“Spot” Bonuses can be used to draw attention to a new initiative. For example, if you want to see Group Fitness attendance increase by 20% in the month ? you could place a specific bonus for the Group Fitness Coordinator on that outcome. Creating the bonus is not always just about the dollars in the team members pocket ? it also says “this area of performance is important to the business and your role”.

Use multiple levels of bonuses for greatest effect
It is usually helpful to create immediate and short term (weekly) targets for sales staff. For sales management or club management staff, I would recommend immediate, short and medium term (monthly/quarterly) targets and bonuses. For sales people my preference is a smaller bonus for each sale (without threshold) and then a weekly bonus for hitting the sales target that matches the business needs. I like this balance as there is an incentive to follow up every lead. Additionally, the “cream” for the sale person (hitting their weekly target) is also the “cream” for the business. It is this last point that I like about commission plans in general, and that is “sharing the success” - creating a sense of, if we win as a team, we also benefit as individuals.

Commission structures are not a 'one size fits all' scenario. They should take into account business goals and define clear responsibilities, accountabilities and targets. One thing is very clear, larger commissions will not necessarily lead to proportionality larger sales results. Better management leads to better performance, and a well thought our commission structure is a better manager's greatest tool.

As mentioned, these are only three of six important considerations when creating your commission structure. Email Clayton for the complete article.

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3 Tips for Tracking Your Recruitment ROI, New Management Roles : 04 Feb 2013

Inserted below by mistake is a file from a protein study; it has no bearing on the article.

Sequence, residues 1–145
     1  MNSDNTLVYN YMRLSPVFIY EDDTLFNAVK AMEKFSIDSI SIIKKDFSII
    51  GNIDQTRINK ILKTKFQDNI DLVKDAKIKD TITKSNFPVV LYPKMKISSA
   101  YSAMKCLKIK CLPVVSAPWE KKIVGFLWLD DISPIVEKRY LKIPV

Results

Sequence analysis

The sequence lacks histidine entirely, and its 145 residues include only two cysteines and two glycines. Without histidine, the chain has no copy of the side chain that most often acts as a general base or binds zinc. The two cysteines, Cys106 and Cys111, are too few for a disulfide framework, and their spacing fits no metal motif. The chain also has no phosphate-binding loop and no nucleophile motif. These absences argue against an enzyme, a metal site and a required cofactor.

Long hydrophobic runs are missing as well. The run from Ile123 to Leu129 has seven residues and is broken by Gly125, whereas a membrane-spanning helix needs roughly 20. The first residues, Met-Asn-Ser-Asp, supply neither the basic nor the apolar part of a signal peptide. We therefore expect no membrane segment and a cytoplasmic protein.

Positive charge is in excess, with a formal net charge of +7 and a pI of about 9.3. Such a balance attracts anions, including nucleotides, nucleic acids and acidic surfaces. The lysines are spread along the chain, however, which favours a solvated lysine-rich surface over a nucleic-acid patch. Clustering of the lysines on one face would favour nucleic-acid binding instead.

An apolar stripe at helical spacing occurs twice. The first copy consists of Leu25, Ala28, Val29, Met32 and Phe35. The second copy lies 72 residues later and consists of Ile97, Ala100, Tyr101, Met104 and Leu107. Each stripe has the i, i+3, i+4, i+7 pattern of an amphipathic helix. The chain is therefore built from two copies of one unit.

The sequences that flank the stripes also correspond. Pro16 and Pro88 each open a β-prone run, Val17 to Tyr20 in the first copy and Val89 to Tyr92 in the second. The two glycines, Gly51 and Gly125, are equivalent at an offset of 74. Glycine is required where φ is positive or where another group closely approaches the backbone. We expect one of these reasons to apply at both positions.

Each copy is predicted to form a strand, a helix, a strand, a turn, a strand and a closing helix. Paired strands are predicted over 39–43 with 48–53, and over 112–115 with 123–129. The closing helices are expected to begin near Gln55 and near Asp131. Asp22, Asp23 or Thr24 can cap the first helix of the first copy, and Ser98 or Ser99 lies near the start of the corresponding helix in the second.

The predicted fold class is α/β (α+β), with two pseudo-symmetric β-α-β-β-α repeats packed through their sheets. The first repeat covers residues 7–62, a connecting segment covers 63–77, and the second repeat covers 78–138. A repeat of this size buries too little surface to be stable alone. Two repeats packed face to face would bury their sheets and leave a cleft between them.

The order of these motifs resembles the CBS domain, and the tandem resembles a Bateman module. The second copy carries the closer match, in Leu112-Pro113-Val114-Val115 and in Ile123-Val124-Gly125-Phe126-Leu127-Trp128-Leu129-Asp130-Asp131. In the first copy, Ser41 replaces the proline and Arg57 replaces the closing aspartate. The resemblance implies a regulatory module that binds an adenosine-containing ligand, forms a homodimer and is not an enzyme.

Getting smarter about recruitment is something we take very seriously. We don't think anything should be taken for granted. To this end we have created a quick survey to learn some basics about what's happening from the employer's end. Questions include 'how long it took to fill a role', 'the number of interviews required' and 'how easy was the process'. There is nothing to identify individual employers. In all, the survey should take less than 60 seconds. Once we have a reasonable response (say, 20 or so) we'll share the results with all. The link will be sent to all clients at some stage over the coming months. If you've recently advertised and would like to have your say, please email me for the link.

If you'd like to learn a few tips for tracking the value of your recruitment processes, please read on...

Investment in recruiting services, even basic job advertising can be significant and time-consuming and, in the absence of hard data, many employers revert to an 'educated guess' on what recruitment might cost for the year. Following are three key measures you can use to build up a clearer picture of what it takes to staff your facility:

1. Time to hire